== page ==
Another Maspeth industrial site was added to the superfund registry last month, officials at the state Department of Environmental Conservation said.
The two-acre property at 58-30 57th St. will be investigated further to determine what remediation is necessary, officials said.
Preliminary tests at the site detected large concentrations of tetrachloroethylene and trichloroethane in the soil, DEC officials said. The substances are industrial solvents often used for degreasing metal, according to the federal Centers for Disease Control.
Once inspectors determine how to go about cleaning up the site, the property owner may begin remediation or the state may take matters into its own hands and seek reimbursement afterward, said DEC spokeswoman Maureen Wren.
"That's often what happens when a site is listed," she said. "Companies that are now defunct... the state can pursue recourse down the road for reimbursement from whatever principals might still exist from that entity."
The property has been used for industrial purposes for nearly a century. In the 1930s and 1940s, a radiator distribution facility operated there. A steel pipe distributor took over from the 1950s to the 1970s, followed by a corrugated box company and a beer distribution company. A recycling facility was present in the early 1990s through the current decade.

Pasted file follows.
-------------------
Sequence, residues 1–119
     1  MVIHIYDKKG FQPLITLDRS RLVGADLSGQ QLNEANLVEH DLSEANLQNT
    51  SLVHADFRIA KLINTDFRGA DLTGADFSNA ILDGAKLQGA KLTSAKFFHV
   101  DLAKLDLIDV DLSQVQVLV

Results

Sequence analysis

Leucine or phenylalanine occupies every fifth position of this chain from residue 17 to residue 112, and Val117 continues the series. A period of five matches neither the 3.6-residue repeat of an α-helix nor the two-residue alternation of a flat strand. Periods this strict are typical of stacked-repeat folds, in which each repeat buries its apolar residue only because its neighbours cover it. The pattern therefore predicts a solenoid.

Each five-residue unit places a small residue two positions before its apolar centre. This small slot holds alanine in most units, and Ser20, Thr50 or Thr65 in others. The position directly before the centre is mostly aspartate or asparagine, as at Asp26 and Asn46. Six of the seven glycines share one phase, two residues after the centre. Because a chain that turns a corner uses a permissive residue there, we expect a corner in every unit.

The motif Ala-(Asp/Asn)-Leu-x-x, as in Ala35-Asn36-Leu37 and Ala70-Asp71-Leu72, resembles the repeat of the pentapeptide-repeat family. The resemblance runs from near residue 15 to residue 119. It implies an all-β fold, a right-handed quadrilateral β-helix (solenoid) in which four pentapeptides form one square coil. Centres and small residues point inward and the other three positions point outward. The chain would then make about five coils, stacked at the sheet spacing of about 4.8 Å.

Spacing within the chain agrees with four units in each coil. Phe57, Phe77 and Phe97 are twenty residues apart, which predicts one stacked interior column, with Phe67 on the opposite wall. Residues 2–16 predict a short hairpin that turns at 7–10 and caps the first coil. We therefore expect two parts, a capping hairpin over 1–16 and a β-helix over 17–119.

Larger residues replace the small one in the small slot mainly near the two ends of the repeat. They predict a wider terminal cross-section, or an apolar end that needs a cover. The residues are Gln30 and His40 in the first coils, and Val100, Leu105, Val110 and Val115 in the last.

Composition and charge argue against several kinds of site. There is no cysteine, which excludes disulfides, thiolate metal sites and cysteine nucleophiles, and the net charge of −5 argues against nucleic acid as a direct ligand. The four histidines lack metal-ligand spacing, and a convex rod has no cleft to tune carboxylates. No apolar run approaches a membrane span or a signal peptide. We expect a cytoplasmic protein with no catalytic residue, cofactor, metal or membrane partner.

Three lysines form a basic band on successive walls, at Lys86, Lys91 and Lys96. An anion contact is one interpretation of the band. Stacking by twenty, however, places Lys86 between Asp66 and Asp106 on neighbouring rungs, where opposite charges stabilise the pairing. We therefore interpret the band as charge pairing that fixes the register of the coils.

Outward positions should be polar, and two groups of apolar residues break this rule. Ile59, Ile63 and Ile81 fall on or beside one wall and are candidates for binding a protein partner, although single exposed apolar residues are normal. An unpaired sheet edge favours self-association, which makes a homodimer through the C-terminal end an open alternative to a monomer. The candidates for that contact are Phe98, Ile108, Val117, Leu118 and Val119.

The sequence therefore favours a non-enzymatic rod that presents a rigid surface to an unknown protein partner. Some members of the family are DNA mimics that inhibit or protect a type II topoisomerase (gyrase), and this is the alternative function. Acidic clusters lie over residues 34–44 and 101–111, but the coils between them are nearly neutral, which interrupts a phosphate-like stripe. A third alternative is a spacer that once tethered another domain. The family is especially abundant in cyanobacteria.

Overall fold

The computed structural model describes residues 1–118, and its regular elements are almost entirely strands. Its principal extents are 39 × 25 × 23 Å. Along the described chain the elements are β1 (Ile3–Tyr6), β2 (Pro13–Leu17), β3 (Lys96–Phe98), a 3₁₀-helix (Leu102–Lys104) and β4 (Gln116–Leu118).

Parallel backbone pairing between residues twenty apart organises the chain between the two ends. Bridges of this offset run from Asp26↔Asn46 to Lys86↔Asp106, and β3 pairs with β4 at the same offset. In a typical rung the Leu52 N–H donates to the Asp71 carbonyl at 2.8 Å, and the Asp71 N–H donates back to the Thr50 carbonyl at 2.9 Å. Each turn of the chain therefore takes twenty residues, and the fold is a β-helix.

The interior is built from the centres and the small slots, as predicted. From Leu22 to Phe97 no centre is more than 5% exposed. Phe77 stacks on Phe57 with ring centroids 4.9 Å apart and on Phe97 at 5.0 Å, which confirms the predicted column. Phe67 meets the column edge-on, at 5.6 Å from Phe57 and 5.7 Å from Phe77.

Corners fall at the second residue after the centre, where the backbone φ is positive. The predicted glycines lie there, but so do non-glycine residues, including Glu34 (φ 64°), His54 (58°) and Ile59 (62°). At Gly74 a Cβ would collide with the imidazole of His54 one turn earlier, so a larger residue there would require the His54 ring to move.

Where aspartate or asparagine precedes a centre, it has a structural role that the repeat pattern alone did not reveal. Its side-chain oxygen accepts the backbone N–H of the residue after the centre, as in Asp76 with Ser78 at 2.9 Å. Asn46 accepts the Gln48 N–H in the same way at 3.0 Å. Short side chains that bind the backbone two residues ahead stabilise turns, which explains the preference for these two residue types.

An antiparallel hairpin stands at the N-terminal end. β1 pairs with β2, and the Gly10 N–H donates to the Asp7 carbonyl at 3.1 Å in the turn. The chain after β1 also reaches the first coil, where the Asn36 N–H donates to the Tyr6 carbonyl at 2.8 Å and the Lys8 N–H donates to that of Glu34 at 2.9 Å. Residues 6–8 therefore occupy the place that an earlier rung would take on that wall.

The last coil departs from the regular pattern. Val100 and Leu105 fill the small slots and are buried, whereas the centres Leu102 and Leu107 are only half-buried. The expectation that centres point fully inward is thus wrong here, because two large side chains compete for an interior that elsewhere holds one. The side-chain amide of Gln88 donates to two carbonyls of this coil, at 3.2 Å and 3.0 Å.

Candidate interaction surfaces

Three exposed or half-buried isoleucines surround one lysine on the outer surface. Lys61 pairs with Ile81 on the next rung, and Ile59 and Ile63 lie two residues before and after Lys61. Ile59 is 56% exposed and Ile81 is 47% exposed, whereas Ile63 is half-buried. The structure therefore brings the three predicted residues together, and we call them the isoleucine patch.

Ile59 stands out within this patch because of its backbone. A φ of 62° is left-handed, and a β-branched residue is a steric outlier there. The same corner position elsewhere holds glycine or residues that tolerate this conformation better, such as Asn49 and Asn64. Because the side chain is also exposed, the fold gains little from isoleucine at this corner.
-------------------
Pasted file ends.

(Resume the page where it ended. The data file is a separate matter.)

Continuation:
The south part of the property has been host to a lubricating oils company and a filling station.
Currently a lumber warehouse and a corrugated box company operate on the property.
Inspectors said people are not likely to be exposed to the contamination because it is below ground level and the site is almost completely paved over.
There are two other confirmed superfund sites in Maspeth.
The old Phelps Dodge Refining Corp. site at 42-02 56th Road operated from 1920-83, producing pesticides, copper and sulfate pentahydrate and refining copper. Waste sludges from the processes were stored in an unlined lagoon, the DEC said.
Two blocks away from the new superfund site sits an old electrical substation at 57-77 Rust St., where contaminated soil has already been excavated and the site is fenced off from the public.
Reach reporter Jeremy Walsh by e-mail at jwalsh@tim
©2008 Community News Group
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